Our Lady of Lourdes


Immaculate Mary,
you appeared to St. Bernadette
and gave her a mission to build up Lourdes
as a sacred shrine to bring people to God.
Through your intercession,
countless graces have been given
to the thousands of people
who have flocked to Lourdes.
Some have even received the grace of physical healing.

I join my prayers to the pilgrims at your shrine
who sing thousands of Aves to you.
I place all my trust in you
and give you all my love.

[Taken from: Favorite Prayers to Our Lady, by Anthony M. Buono]

Assumption of the Blessed Virgin Mary

Today was easily one of the best days of my life.  Yesterday I finished my 33-day preparation for my second annual renewal of my consecration to the Immaculate Heart of Mary.  I also took some time to myself to pray the 33 meditations (short prayers to the Immaculate Heart of Mary) all over again, though I had prayed them one at a time for the 33-day period.

Today I attended the five-o’clock Mass at our parish.  I arrived well in advance, and renewed my consecration in the small chapel (which I have mentioned in a few posts over at Contemplative Haven), in front of the Blessed Sacrament and the picture of the Sacred Heart of Jesus, and beside the icon of Our Lady of Perpetual Help.

Then this evening, for the feast of the Assumption of the Blessed Virgin Mary, we attended the eight-o’clock Mass and candlelight procession at the Notre Dame de Lourdes Grotto in Vanier (Ottawa).  I have been going to pray at this Grotto since I was a little girl, and the evening celebrations on the feast of the Assumption of the Blessed Virgin Mary are very beautiful.

The Grotto was filled to overflowing, and my heart was so full of gratitude that so many people had come to celebrate the Assumption and to give honour to Mary.  It is not a day of obligation in Canada.  Everyone was there out of love for Mary, pure and simple.  Pure.  And simple.  After Mass, we lit our candles and processed from our seats up the hill to the Cross, with quiet song interspersed with decades of the Rosary.  (all in French, by the way.)  At the end we sang the Magnificat, and were asked to wave our candles high in the air at each verse.  I held back from going up the hill this year, so I could try to get you some photos.  I’m not very good at night photography (at least, I haven’t figured it out yet…) but there were hundreds of people holding candles, singing and praying.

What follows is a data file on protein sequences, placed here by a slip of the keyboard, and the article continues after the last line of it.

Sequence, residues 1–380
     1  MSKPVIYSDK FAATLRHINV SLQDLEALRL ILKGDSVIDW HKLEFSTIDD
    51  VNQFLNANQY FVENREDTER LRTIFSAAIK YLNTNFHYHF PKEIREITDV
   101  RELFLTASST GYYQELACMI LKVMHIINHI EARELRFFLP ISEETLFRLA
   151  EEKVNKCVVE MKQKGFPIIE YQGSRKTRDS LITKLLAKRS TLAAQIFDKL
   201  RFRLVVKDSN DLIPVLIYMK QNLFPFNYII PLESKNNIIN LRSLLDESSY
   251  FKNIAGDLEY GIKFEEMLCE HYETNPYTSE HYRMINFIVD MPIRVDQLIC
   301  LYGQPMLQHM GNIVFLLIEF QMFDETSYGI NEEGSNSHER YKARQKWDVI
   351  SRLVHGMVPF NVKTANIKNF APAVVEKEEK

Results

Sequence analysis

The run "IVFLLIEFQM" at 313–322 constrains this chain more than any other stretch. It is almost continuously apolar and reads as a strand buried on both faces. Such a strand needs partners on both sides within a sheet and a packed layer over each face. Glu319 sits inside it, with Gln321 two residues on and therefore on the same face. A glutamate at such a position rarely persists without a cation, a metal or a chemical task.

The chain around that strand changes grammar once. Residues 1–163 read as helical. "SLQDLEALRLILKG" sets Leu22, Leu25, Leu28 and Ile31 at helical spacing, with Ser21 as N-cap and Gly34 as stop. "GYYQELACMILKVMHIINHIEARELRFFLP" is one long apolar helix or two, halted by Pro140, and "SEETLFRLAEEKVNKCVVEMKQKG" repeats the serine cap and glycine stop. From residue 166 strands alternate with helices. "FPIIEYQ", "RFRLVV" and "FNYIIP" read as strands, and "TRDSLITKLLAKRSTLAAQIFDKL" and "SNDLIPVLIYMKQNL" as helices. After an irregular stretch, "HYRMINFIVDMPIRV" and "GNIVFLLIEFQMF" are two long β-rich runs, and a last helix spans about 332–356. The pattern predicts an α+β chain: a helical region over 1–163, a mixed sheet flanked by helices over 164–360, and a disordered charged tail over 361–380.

My heart had been full during the whole Mass and procession, but at the end, as I stood before the statue of Our Lady, my tears really came pouring out.  It was like the veil was lifted for a few moments, out of Mary’s graciousness to me.  I felt her telling me that I was only in one little corner of one little part of the world, and that this had been going on in pockets all over the world today, and that this is what had been taking place all day today in heaven.  As some of us stood in front of Mary, still singing alleluias, holding our candles, gazing up at her with love (some with outstretched arms), I could imagine the love that will be poured out to her when she comes in the Triumph of her Immaculate Heart, to bring in the reign of the Sacred Heart of Jesus.  I could imagine all of us all over the world with outstretched arms and faces raised to the heavens.  Yes.  I believe today was really one of the best days of my life.

Lourdes Grotto Ottawa 1

Lourdes Grotto Ottawa 2

Lourdes Grotto Ottawa 3

Lourdes Grotto Ottawa 11

Lourdes Grotto Ottawa 13

Lourdes Grotto Ottawa 16

A Different Miracle

I recently read a very touching and inspiring article at Guideposts, entitled A Perfect Child, written by Kathleen Lukens in 1994.

It is the story of a mother and child’s very special trip to the Shrine of Our Lady of Lourdes in France – with a beautiful, perhaps unusual (?) but not really surprising outcome.  Our Lady, after all, is also the Queen of Peace. 

Mary, Seat of Wisdom

O happy Virgin,
you gave birth to the Lord;
O blessed seat of Wisdom,
you cradle in our hearts
the Spirit of your Son Jesus Christ.

Our Lady of Lourdes, from India